If you would like to join, please do. We’re a
friendly, informal bunch and new members are always most welcome.
As a member you can do as much or as little as you like. You may
wish - through your annual membership subscription - simply to
support badger conservation. But if you would like to become much
more active and involved you can.
Some of the main things that we do
Warwickshire Badger Group was formed primarily
to combat persecution and that remains one of its primary roles
(see badger baiting). But the Group does much more than
that. It gives talks, attends shows, provides advice, looks for
and records new setts, checks on existing setts, monitors road
casualties, helps to rescue and rehabilitate injured or orphaned
badgers, and acts as a forum for the exchange of information about
badgers in the county. One of our members, Steve Hawkes, is also
an accredited vaccinator. For more on that see below.
Sett data: The group has an extensive
computerised database of several thousand setts systematically
built up since the Group was formed, and is constantly looking for
more. The database is currently maintained and overseen
exclusively by our recorder Steve Hawkes. Sett location
information is a valuable asset as it helps Group members to
protect them. Ecological consultants, commissioned by developers
and public utilities, also ask for help when they are preparing
surveys, and the data is also important when liaising with
planning authorities about proposed new developments.
Persecution: Sadly, for centuries badgers have
suffered from persecution, chiefly from badger baiters, but also
from developers and landowners. Baiters put dogs into setts to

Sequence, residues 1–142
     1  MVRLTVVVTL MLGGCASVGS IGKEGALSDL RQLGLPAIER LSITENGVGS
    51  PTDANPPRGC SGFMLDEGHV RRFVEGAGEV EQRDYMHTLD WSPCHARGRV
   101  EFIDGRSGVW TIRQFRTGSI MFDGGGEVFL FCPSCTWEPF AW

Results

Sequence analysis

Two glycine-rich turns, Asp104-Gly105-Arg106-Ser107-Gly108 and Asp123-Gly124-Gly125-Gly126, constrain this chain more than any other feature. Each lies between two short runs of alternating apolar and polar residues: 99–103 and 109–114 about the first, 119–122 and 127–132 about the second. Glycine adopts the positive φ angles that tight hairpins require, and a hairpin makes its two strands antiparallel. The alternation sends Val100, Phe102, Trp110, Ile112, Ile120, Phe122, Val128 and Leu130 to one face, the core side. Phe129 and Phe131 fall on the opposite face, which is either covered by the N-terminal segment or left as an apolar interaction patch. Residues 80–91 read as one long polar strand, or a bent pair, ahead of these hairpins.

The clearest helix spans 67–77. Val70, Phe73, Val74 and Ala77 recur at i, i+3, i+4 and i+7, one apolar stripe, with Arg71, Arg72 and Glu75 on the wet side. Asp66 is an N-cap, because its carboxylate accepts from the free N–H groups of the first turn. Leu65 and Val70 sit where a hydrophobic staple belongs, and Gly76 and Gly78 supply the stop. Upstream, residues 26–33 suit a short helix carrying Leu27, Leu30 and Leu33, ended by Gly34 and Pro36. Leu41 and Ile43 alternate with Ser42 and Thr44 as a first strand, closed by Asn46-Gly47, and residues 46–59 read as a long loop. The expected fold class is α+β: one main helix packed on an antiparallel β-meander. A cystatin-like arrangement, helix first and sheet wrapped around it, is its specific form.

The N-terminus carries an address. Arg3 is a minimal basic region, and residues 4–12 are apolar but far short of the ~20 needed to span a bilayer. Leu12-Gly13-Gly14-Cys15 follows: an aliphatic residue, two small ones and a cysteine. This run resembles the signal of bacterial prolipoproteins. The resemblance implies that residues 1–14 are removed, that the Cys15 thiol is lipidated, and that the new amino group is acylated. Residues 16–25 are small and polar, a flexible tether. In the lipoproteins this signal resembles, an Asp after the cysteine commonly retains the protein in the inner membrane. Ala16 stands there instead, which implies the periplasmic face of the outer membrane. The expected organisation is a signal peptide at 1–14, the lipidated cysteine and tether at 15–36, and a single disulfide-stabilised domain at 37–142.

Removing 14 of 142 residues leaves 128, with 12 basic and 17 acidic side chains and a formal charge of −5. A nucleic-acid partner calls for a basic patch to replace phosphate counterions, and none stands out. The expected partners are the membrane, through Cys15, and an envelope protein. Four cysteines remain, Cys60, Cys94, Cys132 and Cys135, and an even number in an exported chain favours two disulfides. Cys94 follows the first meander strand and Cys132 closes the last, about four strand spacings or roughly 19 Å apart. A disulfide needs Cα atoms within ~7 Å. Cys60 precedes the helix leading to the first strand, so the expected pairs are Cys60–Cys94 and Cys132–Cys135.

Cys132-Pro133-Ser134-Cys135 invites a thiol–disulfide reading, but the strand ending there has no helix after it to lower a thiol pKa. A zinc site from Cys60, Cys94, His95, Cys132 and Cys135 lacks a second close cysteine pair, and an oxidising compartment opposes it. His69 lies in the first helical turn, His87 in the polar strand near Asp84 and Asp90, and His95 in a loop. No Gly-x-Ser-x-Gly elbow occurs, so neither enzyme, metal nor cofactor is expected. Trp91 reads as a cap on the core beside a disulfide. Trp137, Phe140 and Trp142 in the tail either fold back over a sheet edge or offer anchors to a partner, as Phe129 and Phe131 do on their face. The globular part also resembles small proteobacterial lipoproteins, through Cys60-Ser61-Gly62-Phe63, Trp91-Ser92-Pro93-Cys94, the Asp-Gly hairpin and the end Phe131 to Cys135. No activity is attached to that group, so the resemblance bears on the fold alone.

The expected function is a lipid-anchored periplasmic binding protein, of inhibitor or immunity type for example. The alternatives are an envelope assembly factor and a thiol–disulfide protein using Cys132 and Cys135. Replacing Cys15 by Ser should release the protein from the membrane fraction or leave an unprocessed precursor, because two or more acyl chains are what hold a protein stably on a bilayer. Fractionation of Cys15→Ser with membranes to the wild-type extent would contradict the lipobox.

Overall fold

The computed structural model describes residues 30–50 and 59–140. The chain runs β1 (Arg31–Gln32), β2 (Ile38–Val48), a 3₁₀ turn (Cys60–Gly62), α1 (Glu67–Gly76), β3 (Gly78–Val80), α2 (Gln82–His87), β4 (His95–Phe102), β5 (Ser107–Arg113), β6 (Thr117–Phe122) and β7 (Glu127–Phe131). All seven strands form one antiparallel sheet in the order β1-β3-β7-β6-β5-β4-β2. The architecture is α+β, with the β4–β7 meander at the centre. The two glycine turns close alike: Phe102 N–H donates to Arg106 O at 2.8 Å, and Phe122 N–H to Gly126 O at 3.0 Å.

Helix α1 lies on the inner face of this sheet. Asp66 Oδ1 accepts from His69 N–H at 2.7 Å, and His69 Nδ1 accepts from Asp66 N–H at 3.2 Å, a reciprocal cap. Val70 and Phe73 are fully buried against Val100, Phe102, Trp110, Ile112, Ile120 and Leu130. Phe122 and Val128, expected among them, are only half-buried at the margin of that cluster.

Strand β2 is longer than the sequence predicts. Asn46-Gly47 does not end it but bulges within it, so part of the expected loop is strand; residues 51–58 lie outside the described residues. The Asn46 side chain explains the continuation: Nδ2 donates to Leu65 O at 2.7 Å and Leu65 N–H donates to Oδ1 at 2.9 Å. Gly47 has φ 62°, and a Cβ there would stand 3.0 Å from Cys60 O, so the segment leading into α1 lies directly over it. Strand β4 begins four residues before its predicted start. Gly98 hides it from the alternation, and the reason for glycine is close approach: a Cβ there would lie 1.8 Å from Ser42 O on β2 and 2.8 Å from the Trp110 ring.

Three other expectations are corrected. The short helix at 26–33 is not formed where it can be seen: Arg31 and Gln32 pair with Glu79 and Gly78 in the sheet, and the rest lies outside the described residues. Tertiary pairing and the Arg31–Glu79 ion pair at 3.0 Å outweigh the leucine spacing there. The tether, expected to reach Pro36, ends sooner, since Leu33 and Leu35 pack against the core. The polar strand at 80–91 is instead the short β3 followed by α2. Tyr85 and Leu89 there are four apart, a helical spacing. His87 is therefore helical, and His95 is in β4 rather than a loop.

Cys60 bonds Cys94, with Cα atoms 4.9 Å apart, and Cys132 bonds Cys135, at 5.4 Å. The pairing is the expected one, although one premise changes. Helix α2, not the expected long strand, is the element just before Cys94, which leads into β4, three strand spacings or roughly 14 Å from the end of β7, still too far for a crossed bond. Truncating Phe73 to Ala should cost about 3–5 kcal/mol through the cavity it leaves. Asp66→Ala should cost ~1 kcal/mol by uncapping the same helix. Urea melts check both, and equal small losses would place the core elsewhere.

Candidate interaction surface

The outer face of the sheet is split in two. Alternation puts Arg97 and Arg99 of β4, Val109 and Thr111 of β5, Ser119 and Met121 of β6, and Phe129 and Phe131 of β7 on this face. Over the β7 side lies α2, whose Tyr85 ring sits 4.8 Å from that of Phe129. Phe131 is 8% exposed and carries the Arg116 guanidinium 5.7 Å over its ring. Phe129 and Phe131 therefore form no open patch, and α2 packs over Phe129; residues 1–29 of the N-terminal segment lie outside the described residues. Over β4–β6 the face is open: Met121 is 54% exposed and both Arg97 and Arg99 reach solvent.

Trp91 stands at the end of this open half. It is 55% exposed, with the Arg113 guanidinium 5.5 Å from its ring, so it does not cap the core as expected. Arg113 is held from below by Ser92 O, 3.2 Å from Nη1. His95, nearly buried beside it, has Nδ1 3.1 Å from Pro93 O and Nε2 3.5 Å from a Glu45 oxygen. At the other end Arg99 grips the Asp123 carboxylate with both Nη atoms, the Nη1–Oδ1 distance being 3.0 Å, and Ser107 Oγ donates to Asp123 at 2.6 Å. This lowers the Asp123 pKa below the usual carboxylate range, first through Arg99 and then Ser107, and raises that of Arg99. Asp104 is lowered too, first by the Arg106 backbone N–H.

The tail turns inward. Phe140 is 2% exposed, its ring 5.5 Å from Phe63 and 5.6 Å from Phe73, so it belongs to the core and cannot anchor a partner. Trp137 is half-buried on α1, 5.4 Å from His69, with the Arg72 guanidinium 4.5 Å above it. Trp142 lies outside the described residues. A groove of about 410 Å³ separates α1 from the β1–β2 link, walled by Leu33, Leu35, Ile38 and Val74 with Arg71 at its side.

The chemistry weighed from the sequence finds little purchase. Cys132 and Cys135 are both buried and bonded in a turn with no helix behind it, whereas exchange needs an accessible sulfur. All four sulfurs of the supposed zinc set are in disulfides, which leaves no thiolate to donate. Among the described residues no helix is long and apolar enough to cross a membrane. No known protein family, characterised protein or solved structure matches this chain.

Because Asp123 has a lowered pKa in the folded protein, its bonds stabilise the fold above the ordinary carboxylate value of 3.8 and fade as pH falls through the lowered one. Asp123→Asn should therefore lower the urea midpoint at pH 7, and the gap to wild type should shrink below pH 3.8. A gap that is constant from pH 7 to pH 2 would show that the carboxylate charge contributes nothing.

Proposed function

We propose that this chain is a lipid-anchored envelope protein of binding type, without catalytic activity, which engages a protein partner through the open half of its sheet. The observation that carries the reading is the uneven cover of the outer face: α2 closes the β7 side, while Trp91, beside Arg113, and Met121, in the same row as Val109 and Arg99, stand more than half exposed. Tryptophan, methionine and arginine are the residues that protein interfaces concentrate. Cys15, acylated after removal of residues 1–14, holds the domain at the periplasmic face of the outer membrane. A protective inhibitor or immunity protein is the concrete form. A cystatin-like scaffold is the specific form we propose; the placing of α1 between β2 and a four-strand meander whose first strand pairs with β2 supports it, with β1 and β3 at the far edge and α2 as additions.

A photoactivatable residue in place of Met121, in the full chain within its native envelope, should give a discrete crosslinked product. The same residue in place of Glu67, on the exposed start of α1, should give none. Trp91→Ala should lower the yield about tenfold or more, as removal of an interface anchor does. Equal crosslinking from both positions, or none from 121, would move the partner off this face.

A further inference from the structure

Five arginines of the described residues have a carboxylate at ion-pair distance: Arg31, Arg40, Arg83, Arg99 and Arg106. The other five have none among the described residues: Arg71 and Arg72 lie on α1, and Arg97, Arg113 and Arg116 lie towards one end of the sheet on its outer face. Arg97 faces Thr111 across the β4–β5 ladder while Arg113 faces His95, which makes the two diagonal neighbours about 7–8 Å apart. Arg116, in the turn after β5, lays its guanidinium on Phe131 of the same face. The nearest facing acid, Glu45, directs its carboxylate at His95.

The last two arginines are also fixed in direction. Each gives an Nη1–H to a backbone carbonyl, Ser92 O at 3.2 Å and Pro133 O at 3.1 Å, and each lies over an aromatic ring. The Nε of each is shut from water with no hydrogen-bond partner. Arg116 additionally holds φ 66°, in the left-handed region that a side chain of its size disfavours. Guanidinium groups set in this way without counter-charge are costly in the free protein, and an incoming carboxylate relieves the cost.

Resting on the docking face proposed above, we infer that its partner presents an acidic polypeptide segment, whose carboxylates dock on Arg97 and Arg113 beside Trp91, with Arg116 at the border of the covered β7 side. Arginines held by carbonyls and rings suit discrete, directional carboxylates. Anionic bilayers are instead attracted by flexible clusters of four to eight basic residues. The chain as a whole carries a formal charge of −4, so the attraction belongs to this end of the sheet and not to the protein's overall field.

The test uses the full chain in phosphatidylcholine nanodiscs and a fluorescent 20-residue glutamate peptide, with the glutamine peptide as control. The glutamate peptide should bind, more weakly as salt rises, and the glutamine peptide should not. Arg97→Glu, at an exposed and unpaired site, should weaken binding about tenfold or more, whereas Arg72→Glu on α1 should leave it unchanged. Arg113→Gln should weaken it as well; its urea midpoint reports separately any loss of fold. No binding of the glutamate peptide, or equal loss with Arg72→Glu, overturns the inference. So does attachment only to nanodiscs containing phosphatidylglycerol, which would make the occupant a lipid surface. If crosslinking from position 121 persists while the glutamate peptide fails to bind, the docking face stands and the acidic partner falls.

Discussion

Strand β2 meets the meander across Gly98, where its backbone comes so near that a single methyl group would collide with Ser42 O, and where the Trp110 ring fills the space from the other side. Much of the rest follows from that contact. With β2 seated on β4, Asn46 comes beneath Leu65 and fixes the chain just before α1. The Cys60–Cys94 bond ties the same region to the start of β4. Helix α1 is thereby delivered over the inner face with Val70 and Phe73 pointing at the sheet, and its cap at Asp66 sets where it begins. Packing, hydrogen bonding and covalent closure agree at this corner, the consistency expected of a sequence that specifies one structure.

corner badgers underground. They then dig down into the setts,
either to kill the badgers there and then or, as so often happens,
to take them away to face fighting dogs in specially prepared
Once regarded as the working man’s “field
sport” badger baiting - and its more common modern equivalent of
“lamping” - is now illegal. But sadly it continues. In some
northern counties, notably Yorkshire, it remains a constant
problem. Instances in Warwickshire are, thankfully, relatively
rare, but Group members continue to work with the police, the
RSPCA and other conservation bodies to reduce this illegal and
abhorrent activity to an absolute minimum.
The Government’s so called “pilot culls”
haven’t helped. The slaughter of badgers under licence in two
pilot areas (which were intended to test the humaneness and
effectiveness of night shooting, but which undoubtedly failed - as
was reported by the independent monitoring teams) has led some
people to suppose that badgers generally are no longer protected.
But they are! It remains an offence to deliberately kill or injure
badgers or to damage or deliberately interfere with their setts.
And that will continue to be the case everywhere with the
exception of the pilot cull areas. So Warwickshire’s badgers
remain protected! That’s important.
Sett protection remains vitally important and
members of the public can help by reporting to the police any
suspicious activity on or close to active setts, especially when
it involves men with dogs, digging equipment and the use of nets.
But the advice is: if you see setts being dug don’t put yourself
at risk. Dial 999. Sett destruction and badger baiting are both
Giving advice: Inevitably from time to time
badgers enter gardens where they are unwelcome. Occasionally they